Is bullying in our nature? Does bullying have a genetic cause that’s encoded into our genes? Sadly, much like the propensity towards violence or warfare, bullying is one of those destructive behaviors that comprise the long dark shadow of human nature. Social anthropologist Christopher Boehm thinks bullying behavior probably has evolutionary roots, and that early humans who were good at manipulating or intimidating others achieved an advantage in social standing. (Svoboda, 2014)
Bullying is not genetic in the sense that there are no gene sequences which would MAKE kids bully. (Even those genes believed to encode for aggressive tendencies show only a modest correlation with violence, and these genes can be “turned off,” or rendered silent through an epigenetic marker based on a child’s experiences in their environment.) But things like group aggression and the capacity to enjoy another’s torment are very much part of our common human nature. These hardwired traits do not cause bullying behavior, nor are they an excuse, but they do help explain why bullying can come so naturally to kids.
1. Kids are born to notice differences
Even infants show an inherent tendency to see differences. Studies show that 6-month-olds will stare longer at the face of someone of a different race than they will a picture of someone from their own race, which indicates they are noticing and paying attention to these differences. (Bronson & Merryman, 2009)
2. Segregating ourselves comes naturally
One study conducted across 3 different preschool classrooms randomly assigned four-to five-year-olds to wear either a blue T-shirt or Red T-shirt for three weeks. During this time, the teachers never mentioned the group colors, nor did they group kids together by them. Their play was not segregated, and kids carried on classroom activities as they normally would. Yet after this 3-week period, when asked questions such as “which color is smarter, red or blue?” or “Who is nicer, red or blue?” or “Who is more likely to win a race, red or blue?” their answers fell along the color they were assigned. The ones who had worn red T-shirts were sure that red was a better/nicer/more competent color, and vice versa for the blues. (ibid) It illustrates how the ability to group ourselves (and think less of others outside our group) comes naturally, and can be triggered even by subtle cues.
3. Children naturally discriminate against what’s different
A different study showed American 5-year-olds photographs of different children paired with audio of either a normal English-speaking child or one who spoke perfect English but in a French accent. Kids were 4-times more likely to choose the “normal” speaker as a friend. (Gluszek, 2010)
4. Punishing others can give us pleasure
Human beings are wired with the capacity to feel pleasure at someone else’s misfortune, especially when that person isn’t part of our group or is somehow in competition with us. Brain imaging scans reveal that when someone we categorize as an “other” endures pain or misfortune, the brain’s reward center becomes active, releasing a dose of pleasure and satisfaction that is comparable to eating a good meal. (Anthes, 2010) In an everyday example of this, think about the guy who is behind himself with glee as a friend rolls on the ground in agony after being hit in the testicles, or the amusement many people get in watching videos of skateboard accidents. The degree to which we feel such sadistic pleasure depends on a person’s degree of empathy, but we all have this neural wiring in place. If natural empathy is lacking or if group hostility is encouraged in the culture, bullying can become downright pleasurable. And since humans will always gravitate towards pleasurable feelings, social psychology will always degenerate towards bullying when the right cultural attitudes are in place.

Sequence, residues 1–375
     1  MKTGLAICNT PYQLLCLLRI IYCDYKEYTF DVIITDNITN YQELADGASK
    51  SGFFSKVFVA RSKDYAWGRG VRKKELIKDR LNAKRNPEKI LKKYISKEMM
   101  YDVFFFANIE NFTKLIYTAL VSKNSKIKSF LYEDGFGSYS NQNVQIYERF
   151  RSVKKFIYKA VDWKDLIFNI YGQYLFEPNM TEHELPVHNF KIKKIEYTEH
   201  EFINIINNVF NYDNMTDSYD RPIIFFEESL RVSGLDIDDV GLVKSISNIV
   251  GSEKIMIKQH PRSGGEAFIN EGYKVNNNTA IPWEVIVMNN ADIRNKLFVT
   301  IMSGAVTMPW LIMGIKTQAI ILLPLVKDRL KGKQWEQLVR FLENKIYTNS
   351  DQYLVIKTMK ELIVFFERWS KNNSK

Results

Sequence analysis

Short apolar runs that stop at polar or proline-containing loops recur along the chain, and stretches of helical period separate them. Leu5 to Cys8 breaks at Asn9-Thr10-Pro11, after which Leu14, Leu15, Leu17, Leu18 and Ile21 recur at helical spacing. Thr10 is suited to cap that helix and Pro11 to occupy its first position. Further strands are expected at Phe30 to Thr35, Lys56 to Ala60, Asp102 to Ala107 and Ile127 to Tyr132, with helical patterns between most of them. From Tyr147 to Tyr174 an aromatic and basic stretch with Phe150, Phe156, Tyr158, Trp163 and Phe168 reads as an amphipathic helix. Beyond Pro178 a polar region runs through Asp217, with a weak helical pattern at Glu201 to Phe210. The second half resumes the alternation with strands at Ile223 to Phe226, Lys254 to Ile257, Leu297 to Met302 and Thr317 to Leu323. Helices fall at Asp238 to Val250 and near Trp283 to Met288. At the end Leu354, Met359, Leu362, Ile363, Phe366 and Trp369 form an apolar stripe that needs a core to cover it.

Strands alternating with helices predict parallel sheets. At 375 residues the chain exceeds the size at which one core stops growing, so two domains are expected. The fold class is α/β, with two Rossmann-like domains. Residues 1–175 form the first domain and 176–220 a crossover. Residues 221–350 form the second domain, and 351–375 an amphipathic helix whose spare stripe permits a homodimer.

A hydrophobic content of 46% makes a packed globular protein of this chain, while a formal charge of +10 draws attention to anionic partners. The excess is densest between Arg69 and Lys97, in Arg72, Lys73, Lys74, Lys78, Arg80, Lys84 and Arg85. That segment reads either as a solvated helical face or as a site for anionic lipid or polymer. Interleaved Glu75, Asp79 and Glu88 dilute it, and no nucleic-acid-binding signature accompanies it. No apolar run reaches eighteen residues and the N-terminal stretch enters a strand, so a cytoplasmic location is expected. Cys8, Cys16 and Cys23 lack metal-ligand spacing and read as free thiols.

The Good News: Nurture trumps nature when it comes to bullying
The aforementioned examples show how human nature can tilt in the direction of bullying behavior. Yet every one of these inherent biases can be overcome or even reversed when children are raised in the proper environment. When children are taught to embrace differences and have experiences with diverse playmates, this “similarity” bias disappears and they may actually seek out the strange or unfamiliar. When parents emphasize treating all others with kindness and respect, the tendency to segregate ourselves whittles away. When children are raised in ways that breed high levels of empathy, the circuitry that feels pain when others are hurt overrides the circuitry for taking pleasure in someone else’s suffering. The character traits that are built up in their higher brain functioning can easily override these evolutionary remnants that program us towards group bias.
It’s only when society fails in these regards that bullying behavior thrives. Sadly, our society is failing in many ways: Prejudice, conflict, and bully mentality is rampant throughout our culture, and many parents fail to do enough to counteract this influence. This is why even otherwise good kids can so easily fall into the bullying trap.